Nissan LEAF batteries to power up Amsterdam ArenA's energy storage system

Nissan and power management company Eaton will implement one of Europe's largest commercial energy storage systems, after striking a deal to install a 3MW system of electric vehicle (EV) batteries at the car park of the Amsterdam ArenA stadium.

Energy consumption at the 54,000-seater stadium surges during football matches and events. Image: Amsterdam ArenA

Energy consumption at the 54,000-seater stadium surges during football matches and events. Image: Amsterdam ArenA

Eaton and Nissan will install the xStorage Building System in the football stadium’s car park, utilizing 280 Nissan LEAF batteries - in a combination of 85 new and 63 second-life EV battery packs. Expected to be completed in early 2018, the 3MW capacity system can be upscaled if needed and will store energy generated from the more than 4,000 solar panels installed on the stadium’s roof.

“For us, the battery functions as an emergency power supply," Amsterdam ArenA’s innovation director Henk van Raan said. "This is important in international football and makes diesel generators redundant. In addition, we contribute to the balancing of the electricity grid - which is also the basis of the energy company's earnings model.

“In the future, we want to play a central role in the local smart energy grid by, for example, supplying energy to other buildings in the area. The battery storage system plays a crucial role in this. We also want to be able to connect electric cars in the future. That’s why we placed the battery in the parking garage. The batteries of parked cars can then offer additional storage capacity and act as a flexible 'overflow area' for electricity.”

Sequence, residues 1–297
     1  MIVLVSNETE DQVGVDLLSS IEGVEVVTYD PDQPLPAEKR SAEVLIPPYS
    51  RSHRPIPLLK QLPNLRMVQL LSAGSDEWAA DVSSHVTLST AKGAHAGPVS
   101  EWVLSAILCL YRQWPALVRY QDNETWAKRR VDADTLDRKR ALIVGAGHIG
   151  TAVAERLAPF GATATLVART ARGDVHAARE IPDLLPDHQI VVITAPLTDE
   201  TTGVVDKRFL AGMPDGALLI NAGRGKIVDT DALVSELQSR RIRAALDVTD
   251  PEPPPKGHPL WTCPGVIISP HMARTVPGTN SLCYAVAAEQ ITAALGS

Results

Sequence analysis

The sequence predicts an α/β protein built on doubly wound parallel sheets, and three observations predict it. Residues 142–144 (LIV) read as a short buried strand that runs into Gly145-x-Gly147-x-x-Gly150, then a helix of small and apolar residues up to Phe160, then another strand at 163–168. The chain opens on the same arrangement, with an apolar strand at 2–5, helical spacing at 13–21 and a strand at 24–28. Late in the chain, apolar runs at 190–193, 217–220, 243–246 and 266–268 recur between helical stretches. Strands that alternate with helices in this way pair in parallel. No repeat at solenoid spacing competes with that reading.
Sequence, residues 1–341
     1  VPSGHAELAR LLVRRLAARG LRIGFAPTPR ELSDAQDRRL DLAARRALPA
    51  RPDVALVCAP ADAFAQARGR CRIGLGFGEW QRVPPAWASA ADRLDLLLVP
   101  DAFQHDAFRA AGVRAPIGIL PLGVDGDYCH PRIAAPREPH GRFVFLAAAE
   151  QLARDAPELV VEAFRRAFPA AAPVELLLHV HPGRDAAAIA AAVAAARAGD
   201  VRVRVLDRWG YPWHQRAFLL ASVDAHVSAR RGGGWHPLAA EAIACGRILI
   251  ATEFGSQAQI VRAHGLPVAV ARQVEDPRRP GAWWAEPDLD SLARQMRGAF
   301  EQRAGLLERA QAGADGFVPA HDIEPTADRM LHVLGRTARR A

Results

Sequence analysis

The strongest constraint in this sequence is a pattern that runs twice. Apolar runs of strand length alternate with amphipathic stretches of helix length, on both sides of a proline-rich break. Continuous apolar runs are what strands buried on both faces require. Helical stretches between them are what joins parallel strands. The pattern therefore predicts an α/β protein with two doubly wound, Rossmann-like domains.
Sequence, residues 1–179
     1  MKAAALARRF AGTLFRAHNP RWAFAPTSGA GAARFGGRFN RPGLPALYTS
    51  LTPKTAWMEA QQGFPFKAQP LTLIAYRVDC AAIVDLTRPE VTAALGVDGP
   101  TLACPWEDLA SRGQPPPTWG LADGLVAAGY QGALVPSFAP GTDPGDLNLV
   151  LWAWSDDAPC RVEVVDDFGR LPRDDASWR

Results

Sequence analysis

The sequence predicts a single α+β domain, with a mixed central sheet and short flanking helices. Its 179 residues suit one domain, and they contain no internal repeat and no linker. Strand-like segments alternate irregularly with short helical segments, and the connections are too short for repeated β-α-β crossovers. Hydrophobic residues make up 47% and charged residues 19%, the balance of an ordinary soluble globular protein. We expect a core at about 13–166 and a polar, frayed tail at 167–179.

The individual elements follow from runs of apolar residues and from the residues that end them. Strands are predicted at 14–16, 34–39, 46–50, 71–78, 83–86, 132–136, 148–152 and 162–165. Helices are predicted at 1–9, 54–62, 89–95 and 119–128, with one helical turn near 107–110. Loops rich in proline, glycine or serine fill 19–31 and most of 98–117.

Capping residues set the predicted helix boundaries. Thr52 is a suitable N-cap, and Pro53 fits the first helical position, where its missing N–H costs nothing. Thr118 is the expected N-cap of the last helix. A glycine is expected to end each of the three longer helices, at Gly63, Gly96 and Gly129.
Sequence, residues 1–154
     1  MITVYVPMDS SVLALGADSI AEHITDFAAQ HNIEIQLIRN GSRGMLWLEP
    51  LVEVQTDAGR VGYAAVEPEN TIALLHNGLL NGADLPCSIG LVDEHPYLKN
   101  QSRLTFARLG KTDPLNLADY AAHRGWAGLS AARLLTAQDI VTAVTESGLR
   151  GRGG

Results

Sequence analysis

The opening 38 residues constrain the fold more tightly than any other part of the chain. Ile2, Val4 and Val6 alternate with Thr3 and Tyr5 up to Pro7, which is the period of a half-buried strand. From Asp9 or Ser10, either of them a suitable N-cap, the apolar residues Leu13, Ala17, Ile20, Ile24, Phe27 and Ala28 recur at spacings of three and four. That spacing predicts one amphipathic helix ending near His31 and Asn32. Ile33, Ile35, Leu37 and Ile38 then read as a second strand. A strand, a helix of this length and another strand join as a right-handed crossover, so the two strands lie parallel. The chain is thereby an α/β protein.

Amsterdam ArenA has set up a separate company to oversee the power supply initiative. The Amsterdam Energy Arena will oversee distribution and storage and was one of the first outlets from the stadium’s innovation programme with the city government and private partners.

Energy consumption at the 54,000-seater stadium surges during football matches and events. The xStorage system can deliver surplus renewable energy during these times, reducing reliance on the grid and diesel generators. Eaton claims that the 3MW capacity of the system is comparable to the energy needs of a “few thousand homes”.

This isn’t Eaton or Nissan’s first involvement in the footballing sphere. Eaton are the official energy partner of Manchester City Football Club, and are working with the club and Nissan to raise the profile of its domestic storage offer.

Vehicle-to-grid

Nissan has been championing similar systems on its own facilities, including at its Cranfield research centre in the UK. The centre is fitted with Nissan’s innovative vehicle-to-grid (V2G) concept, which allows EV owners to sell energy stored in vehicles back to the grid.

Nissan’s director of energy services Francisco Carranza added: "We are proud of our participation in this global innovation. Nissan believes that to build a better, more sustainable world, we must all change the way we live, move and play. This solution will allow the stadium to be truly zero emissions, giving the opportunity to the fans to take an active role in their favorite football matches.”

Earlier this week, the carmaker revealed that a new Nissan LEAF had been upgraded to offer a longer range of 235 miles on a singles charge, and will go on sale in Europe from January 2018.

Matt Mace


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energy storage | football | solar | technology | electric vehicles

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